What is creatinine clearance?
• Patient collects urine over 24hrs
• Delivered to lab, blood sample taken
What is eGFR and what must be taken into account when finding it?
• Estimated GFR used to assess creatinine clearance
• Must take into account age, sex, gender and ethnicity
Why is creatinine clearance not a perfect marker of renal function?
• Someone with a GFR of 40% normal can still have a normal creatinine level
• Only accurate in adults and not useful in acute renal failure
What is creatinine?
• Muscles produce creatine, which is converted to creatinine in blood
• Levels determined by muscle mass and kidney function
Why is age taken into account when measuring creatinine?
• Lower muscle mass when old
Why is gender taken into account when measuring creatinine?
Females have lower muscle bulk
Why is ethnicity taken into account when measuring creatinine?
• Some ethnicitys have a higher muscle mass
Give three ways of imaging the kidney
• Ultrasound to look at size and hydronephrosis
Give three ways of assessing cause of CFK
• Autoantibody screen
• Immunoglobulin A
What does treatment of CFK aim to do?
• Delay progression
Give five modifiable risk factors of CKF
• Treat diabetes
• Blood pressure
• ACE inhibitor
When is Renal Replacement Therapy indicated?
What are the two types?
• When native renal function declines to a level where it can no longer support health
• RRT is either dialysis or renal transplantation
Give five indications for dialysis
• Uraemic symptoms
• Fluid overload
What are two types of dialysis
• Peritoneal dialysis
What is haemodialysis
• Requires the creation of an arteriovenous fistula
• Vascular access used to connect patient to dialysis machine, which contains highly purified water across a semi-permeable membrane, allowing for blood filtering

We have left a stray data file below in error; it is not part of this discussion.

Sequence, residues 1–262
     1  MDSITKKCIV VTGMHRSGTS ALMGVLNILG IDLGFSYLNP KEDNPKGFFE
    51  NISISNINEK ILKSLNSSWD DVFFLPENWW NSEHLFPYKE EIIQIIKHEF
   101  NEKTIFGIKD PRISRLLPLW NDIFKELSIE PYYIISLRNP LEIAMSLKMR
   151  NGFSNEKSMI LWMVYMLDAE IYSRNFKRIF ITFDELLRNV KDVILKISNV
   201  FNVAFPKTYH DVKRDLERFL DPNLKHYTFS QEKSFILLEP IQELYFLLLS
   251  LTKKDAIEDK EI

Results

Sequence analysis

What is an arteriovenous fistulae?
- A connection between an artery and vein
• Difference in pressure means vein dilates and developes a muscular wall, which provides vascular access
Why is an AV fistula required?
• Increases strength of vein
• Increases blood flow through vein
What is used to keep blood flowing smoothly in dialysis
An anti-clotting agent
Give three advantages of haemodialysis
• Effective (survivors >25 years
• 4/7 days free from treatment
• Dialysis dose easily prescribed
Give five disadvantages of haemodialysis
• Fluid/diet restriction
• Limits holidays
• Access problems
• CVS instability
• High capital cost
What is peritoneal dialysis?
• Requires peritoneal membrane, blood flow and peritoneal dialysis fluid
• Peritoneal dialysis fluid placed in peritoneal cavity and dialysis occurs across the peritoneal membrane
• Fluid then drained away and disposed of
Give 5 advantages of peritoneal dialysis
• Low technology
• Home technique
• Easily learned
• Allows mobility
• CVS stability
Give 6 disadvantages of peritoneal dialysis
• Frequent exchanges
• No long term survivors yet
• Frequent treatment failure
• Limited dialysis dose range
• High revenue cost
Who is considered for a kidney transplant?
• All patients with progressive CKD or end-stage renal failure
Give four sources of kidney transplants
• Cadaver donors
• Non-heart beating donors
• Living related donors
• Altruistic donors
• Kids from the backstreet of Nepal you tempted into a backstreet with the promise of free money. Sarah.
Where is a kidney put when it is transplanted?
• Iliac fossa
• Allows it to be easily connected to iliac vessels and the bladder
Give five advantages of kidney transplantation
• Restores near normal renal function
• Allows mobility and rehabilitation
• Improved survival
• Good long term results
Cheaper than dialysi